Visa denials vex Lutheran assembly – News
CANADA’S DECISION to deny visas to more than two dozen African and Asian delegates to this month’s Lutheran World Federation (LWF) assembly in Winnipeg has perplexed leaders of the Swiss-based organization representing 62 million Lutherans. Barely two weeks before the long-planned event, LWF General Secretary Ishmael Noko admitted he was “anxious and desperate” over the fact that Canadian immigration officials had denied visas to 27 participants from 11 countries. “A significant number of the participants from churches, mainly in the [southern hemisphere], will be locked out from this very important event in the life of the federation,” said Noko from the LWF headquarters in Geneva.
The 12-day assembly, starting July 21 at St. Boniface Cathedral in the Manitoba capital, had been expecting more than 800 participants for the once-every-six-years deliberations. The LWF acts on behalf of its 136 affiliated church bodies in 76 countries on matters such as interfaith and ecumenical relations. Participants from 51 of those countries were required to obtain visas to enter Canada.
Two letters from the LWF, dated May 29 and June 27, were delivered to Canada’s minister for citizenship and immigration, Dennis Coderre, but by July 4 the government had not responded, said Noko. A resident of Canada himself for a six-year period in his ministry, Noko, a native of Zimbabwe, said the visa denials were inconsistent with Canada’s solid international reputation.
An LWF statement said a Czech passport holder, a Kenyan and two Colombians originally rejected were now understood to have been granted visas. But still lacking visas were participants from Bangladesh, Cameroon, the Democratic Republic of Congo, Eritrea, Ethiopia, Kenya, the Philippines, Senegal, Sierra Leone, South Africa and Tanzania–and the total seemed likely to rise.
“The denial of participation to so many delegates from the South severely impacts the effectiveness and credibility of our gathering,” Noko wrote in June. “Minister Coderre should be aware of the divisive impact the visa denials would have on our assembly,” Noko said. “It would segregate the Lutheran communion and work against our commitment to heal divisions between the North and South, East and the West, women and men, and the young and the elders.”
Since September 11, 2001, many nations have tightened rules on non-citizens entering their countries for fear of terrorist activities. Noko said the LWF had given “our guarantees” to Canadian embassies of full financial responsibility for all assembly participants and their return home.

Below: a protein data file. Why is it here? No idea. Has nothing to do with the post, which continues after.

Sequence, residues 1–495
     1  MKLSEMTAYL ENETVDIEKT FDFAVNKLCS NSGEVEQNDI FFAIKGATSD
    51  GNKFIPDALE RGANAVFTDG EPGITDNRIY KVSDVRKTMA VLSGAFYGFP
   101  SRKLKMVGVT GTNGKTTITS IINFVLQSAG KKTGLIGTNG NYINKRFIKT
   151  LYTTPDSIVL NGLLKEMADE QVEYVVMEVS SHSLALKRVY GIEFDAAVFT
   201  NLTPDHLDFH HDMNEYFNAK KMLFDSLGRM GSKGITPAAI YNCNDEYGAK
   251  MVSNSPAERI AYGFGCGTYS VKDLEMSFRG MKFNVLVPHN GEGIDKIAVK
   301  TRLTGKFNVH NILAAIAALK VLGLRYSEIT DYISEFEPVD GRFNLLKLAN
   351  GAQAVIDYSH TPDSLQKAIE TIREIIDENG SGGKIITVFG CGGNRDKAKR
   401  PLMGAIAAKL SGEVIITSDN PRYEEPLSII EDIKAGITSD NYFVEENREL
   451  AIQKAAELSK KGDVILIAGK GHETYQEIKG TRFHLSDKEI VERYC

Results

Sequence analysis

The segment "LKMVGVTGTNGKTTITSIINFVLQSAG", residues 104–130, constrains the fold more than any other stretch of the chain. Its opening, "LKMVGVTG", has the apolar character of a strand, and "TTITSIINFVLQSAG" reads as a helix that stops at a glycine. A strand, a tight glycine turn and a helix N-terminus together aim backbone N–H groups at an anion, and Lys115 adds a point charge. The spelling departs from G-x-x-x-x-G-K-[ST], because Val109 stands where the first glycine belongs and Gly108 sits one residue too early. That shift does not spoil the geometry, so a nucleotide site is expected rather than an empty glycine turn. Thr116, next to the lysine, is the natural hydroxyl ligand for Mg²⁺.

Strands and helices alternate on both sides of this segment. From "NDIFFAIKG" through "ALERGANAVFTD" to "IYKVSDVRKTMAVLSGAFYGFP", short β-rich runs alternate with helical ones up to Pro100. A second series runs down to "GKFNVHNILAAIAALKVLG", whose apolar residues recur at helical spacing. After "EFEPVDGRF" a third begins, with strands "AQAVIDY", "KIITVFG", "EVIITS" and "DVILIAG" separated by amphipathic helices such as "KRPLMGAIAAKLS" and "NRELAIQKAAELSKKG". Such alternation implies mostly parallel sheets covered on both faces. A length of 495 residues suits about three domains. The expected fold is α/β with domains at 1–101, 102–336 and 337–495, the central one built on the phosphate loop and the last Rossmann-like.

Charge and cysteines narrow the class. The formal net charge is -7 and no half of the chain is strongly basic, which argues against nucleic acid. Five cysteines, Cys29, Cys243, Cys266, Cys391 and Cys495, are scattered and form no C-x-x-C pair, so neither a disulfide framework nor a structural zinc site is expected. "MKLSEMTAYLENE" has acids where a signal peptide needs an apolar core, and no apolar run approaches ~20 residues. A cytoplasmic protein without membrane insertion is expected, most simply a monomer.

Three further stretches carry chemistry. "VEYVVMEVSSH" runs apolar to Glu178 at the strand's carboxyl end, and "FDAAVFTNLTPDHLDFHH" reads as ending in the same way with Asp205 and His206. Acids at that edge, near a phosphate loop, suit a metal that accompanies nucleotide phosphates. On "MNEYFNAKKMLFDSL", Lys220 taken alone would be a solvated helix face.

Coincidentally, the concern by northern-based Christian leaders for churches in the south was echoed July 2 by Archbishop of Canterbury Rowan Williams at the closing session of the 12th assembly of the Conference of European Churches in Trondheim, Norway. It is not enough, Williams said, for “the prosperous world and its trading systems” to bring southern nations into markets to make life better. “There has to be some way of saying, ‘We are hungry and thirsty for your welfare; we are not ourselves, not fully fly human, without you,'” he said.
The last LWF assembly was in Hong Kong in July 1997, a few days after the territory returned to Chinese rule. The authorities granted entry visas to all of the participants. Aside from ecumenical relations, the Lutheran World Federation can act on behalf of member churches in humanitarian assistance, theological dialogues, human rights issues and coordinating mission and development work.
When the upcoming tenth assembly votes on a new president, Mark S. Hanson, presiding bishop of the Evangelical Lutheran Church in America, is expected to be the nominee from North American Lutherans. The decision to nominate a reluctant Hanson was made in January by North American delegates in a preassembly consultation. If elected, Hanson said, the six-year LWF term would mean he would need help to “reconfigure” some of his primary duties as ELCA leader.
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